Firstly, bourgeois economics is in crisis because capitalism is in crisis! They are incapable of understanding the contradictions of capitalism. In fact, bourgeois economics is a fraud, it is bankrupt – they are just witch doctors in reality – in facing the real economic developments in society. And the reason why they attack Marx is because obviously the crisis is pushing people in the direction of Marxist Economics and an understanding of what's going on. This is what terrifies them – that Marxism becomes popular because of the impasse of the capitalist system itself! As Lenin said, life teaches – and the workers are being taught the crimes of capitalism firsthand.

In relation to the classical bourgeois economists: of course they had their limits, they were just like infants in looking at the capitalist system at its earliest stages. But at least they were honest. The physiocrats in France who analysed, yes, maybe agriculture, but looking at how surplus is created. And based on the work of these people, then you had Adam Smith and then Ricardo taking these ideas further, advancing them; and that's why Marx studied these people. They were giants, at the time, in relation to understanding capitalism. Yes, they had their limits, that is true; no doubt about it. But they also discovered important truths, and particularly the labour theory of value. Marxism is based upon the work of these pioneers – criticised by Marx and developed by Marx.

I've read Adam Smith, I've read David Ricardo's writings, and they are very interesting – and I'll tell you what, they’re a million light years removed from the university rubbish they teach as economics today! And [it was] precisely because they’d hit on this revolutionary idea of the labour theory of value that the ruling class decided that those ideas were too subversive, and needed to be put away, destroyed, hidden. In other words, for the sake of defending capitalism, they were prepared to turn their back on real scientific advance.

And that is why Marx said that these people, that this new generation after Ricardo, were in effect prizefighters for capitalism and nothing more than that. They revised everything; instead of an objective basis of economics – in other words, the labour theory of value – they went for utility, this pathetic idea of marginal utility, which is based simply upon the usefulness of things, as we explained. In reality, it's a fancy term for the law of supply and demand, in effect, which does not really explain anything – that's the point! It's the surface of events, it's the appearances! The bourgeoisie weren't interested in a scientific analysis of capitalism, so all those so-called economists who came afterwards are only interested in market relations and so on, the superficial aspects. And that's the case today. If you read Keynes, for instance – I read Keynes not so long ago – what a waste of time! And of course you have the monetarists who have come forward, Milton Friedman and so on, who think they they have understood what needs to be done to solve the problems. But as we say, both schools are wrong; and sometimes they can be partly right as well but from the opposite point of view.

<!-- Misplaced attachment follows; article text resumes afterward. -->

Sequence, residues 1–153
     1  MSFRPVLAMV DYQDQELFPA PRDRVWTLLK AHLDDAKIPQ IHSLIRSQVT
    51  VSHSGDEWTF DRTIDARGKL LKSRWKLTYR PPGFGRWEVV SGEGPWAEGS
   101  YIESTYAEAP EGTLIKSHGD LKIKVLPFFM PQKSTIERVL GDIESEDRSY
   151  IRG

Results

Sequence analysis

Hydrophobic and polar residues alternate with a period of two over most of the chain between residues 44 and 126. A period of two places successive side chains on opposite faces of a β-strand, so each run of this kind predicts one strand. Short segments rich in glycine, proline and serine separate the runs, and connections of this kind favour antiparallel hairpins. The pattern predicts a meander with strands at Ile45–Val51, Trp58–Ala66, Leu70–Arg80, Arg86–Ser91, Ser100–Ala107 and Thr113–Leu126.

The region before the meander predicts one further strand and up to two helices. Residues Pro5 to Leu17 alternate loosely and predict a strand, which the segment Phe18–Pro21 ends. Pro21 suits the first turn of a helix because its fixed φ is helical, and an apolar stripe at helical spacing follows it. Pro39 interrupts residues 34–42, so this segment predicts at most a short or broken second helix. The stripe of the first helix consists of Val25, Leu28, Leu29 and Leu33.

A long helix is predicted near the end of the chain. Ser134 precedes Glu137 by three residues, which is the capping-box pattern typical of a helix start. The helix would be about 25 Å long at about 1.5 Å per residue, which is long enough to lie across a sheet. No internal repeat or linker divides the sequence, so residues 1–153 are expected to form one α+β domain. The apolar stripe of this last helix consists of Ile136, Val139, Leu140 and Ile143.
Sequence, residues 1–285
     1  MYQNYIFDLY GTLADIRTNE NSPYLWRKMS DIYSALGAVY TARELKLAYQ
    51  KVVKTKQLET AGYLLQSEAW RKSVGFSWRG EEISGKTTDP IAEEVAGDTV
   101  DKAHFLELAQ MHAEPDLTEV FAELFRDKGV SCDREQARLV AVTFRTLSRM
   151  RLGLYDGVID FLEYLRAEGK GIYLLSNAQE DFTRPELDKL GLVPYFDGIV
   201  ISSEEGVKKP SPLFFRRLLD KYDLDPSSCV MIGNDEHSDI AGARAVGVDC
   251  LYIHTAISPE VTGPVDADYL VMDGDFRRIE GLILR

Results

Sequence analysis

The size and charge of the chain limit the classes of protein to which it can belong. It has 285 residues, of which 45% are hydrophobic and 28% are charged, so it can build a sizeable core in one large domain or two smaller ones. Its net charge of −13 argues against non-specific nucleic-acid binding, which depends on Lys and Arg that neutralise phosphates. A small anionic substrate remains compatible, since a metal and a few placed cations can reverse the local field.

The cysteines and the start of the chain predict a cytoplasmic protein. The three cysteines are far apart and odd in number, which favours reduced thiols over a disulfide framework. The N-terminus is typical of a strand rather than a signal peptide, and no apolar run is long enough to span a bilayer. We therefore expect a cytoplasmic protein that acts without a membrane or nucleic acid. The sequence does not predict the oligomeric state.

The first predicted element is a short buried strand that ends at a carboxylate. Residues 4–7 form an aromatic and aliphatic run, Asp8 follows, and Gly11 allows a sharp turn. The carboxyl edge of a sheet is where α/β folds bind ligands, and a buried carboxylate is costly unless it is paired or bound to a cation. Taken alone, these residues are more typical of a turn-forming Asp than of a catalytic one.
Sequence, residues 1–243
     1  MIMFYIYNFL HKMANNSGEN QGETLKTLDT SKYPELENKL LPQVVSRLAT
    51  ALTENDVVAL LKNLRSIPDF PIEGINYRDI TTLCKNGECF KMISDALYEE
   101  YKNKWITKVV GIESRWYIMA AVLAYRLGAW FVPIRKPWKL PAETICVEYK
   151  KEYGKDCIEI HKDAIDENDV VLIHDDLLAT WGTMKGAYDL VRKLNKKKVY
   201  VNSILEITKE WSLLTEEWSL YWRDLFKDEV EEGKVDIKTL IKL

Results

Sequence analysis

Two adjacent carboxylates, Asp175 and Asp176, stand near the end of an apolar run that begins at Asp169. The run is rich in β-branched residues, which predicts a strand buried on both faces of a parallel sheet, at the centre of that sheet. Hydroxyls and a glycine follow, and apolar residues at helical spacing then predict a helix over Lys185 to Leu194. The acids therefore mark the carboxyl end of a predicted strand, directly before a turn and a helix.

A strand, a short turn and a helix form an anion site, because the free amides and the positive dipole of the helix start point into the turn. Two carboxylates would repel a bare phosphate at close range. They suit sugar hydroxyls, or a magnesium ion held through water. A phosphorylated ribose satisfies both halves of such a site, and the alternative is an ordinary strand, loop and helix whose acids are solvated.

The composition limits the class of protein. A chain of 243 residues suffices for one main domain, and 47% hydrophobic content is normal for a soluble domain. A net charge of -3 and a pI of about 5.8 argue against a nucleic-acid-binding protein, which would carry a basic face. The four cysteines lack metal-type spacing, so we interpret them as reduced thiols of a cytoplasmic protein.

But the point is that the task of economics today is to pull the wool over the eyes of the working class. What good are the forecasts of the economists? In reality they always get it wrong because they do not understand what they're dealing with. After all, you remember – oh, of course, you don't, I’ve lived a bit longer – they came in the 1950s and 60s: capitalism had changed, the working class doesn't exist, exploitation doesn't exist, everybody's going to become middle class! And obviously, because of the boom or the upswing at that time, then it looked a bit credible. But it was only short-sightedness; they didn't see what was happening underneath, and all the problems have been accumulating and accumulating. As Marx explained, they can put off the ‘evil day’; but in doing so they create further problems down the line.

We should remember that one of the first critiques of Marx – Say’s Law – is that Marx was wrong because capitalism wouldn't be going into crisis, it couldn't go into crisis – because everything would balance out. But when crisis – as in 1929 – banged them on the nose, they said: oh, there is a crisis, yes, it's a crisis – but it's a crisis of creative destruction. In other words, it's a positive crisis. And this is the line of the bourgeois economists at the present time – although some, of course, have hit on the idea that there's something going wrong here. But they're incapable of understanding what is that ‘going wrong’ thing? Some even pay lip service to Marx: well, he might have said something there, might have something right – but of course this revolution business, well, that's another matter, no no no, not revolution.